"Making condoms available in high schools doesn't spur teens to become sexually active, new research shows."
"There are never any increases in sexual behavior" [in the event of condom distribution in high schools.]
"Students in schools with condoms were a little less likely to report ever having had sex, or having had sex in the past three months, than those on campuses where the prophylactics weren't available."
The above proclamations support my stance on the availability of condoms in school -- I feel that they should be liberally distributed. Those opposed to this say that it would increase sexual activity among teenagers, but based on personal observations and conversations with friends, I believe that that is not the case. Moreover, research shows that "sexual activity did not increase among teens who were already sexually active, nor among youth who'd never had intercourse." The study illustrates that allocating condoms in high school did exactly what people have hoped; that is, encourage those who were already engaging in sexual acts to use condoms.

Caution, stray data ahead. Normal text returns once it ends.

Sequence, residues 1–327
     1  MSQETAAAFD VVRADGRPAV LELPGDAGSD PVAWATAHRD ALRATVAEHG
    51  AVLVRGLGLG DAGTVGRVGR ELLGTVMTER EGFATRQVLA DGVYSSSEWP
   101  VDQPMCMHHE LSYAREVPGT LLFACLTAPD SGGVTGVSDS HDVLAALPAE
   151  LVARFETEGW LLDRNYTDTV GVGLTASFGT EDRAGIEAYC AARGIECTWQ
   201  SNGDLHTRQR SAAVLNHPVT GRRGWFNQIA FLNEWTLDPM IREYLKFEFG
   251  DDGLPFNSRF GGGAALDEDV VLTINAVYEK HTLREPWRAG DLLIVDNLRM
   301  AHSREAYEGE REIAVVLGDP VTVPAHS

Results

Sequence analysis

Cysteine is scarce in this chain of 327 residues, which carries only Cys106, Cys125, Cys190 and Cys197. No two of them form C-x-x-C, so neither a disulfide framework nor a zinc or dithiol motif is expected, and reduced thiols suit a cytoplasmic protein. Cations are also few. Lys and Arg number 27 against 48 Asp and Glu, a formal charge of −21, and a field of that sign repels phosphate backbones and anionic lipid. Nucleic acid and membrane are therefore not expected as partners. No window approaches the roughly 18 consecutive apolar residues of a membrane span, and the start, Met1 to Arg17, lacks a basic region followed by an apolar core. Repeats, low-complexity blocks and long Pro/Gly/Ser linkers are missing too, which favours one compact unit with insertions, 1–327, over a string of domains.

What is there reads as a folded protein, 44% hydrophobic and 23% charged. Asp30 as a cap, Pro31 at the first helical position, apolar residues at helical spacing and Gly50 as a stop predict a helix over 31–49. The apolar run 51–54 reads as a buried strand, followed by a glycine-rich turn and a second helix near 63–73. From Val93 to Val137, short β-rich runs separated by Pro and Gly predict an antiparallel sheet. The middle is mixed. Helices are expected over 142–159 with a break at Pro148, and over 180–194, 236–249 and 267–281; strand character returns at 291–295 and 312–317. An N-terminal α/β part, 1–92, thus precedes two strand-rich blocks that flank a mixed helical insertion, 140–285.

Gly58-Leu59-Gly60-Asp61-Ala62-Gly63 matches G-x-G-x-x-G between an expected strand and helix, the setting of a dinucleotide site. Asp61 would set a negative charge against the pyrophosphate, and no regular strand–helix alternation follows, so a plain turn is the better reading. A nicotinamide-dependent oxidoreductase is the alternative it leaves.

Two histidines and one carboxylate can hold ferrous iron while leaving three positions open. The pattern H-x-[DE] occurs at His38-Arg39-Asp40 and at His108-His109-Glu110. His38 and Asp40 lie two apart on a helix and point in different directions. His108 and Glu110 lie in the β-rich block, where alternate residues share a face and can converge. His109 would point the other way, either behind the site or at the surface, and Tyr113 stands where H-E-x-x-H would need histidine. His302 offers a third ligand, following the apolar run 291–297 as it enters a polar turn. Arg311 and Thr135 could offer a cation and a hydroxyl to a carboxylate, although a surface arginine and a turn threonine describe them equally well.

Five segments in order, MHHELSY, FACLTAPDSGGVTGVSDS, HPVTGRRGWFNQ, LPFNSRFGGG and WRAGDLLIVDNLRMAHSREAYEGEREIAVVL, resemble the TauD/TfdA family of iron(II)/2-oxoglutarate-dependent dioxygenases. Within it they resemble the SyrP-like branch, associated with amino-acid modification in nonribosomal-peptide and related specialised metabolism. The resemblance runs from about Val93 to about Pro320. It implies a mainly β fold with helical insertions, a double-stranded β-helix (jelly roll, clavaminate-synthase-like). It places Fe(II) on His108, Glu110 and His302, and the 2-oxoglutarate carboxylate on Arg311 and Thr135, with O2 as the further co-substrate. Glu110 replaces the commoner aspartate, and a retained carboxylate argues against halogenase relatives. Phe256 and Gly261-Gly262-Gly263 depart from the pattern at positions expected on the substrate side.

Roughly 50% of high school students in the U.S. have admitted to being sexually active. Only 3/5 state that they used condoms during their last experience. Given the high risk of AIDS, as well as other STD's, not to mention the threat of early pregnancy, that number is much too low. That means that 40% of America's sexually active youth is not using condoms and is subsequently putting themselves at risk for the aforementioned problems.
One in four women get an abortion before the age of 20. That may not seem significant but just think about 3 of your closest female friends for a moment, 4 if you happen to be male. You wouldn't like one of them to have to deal with the physical...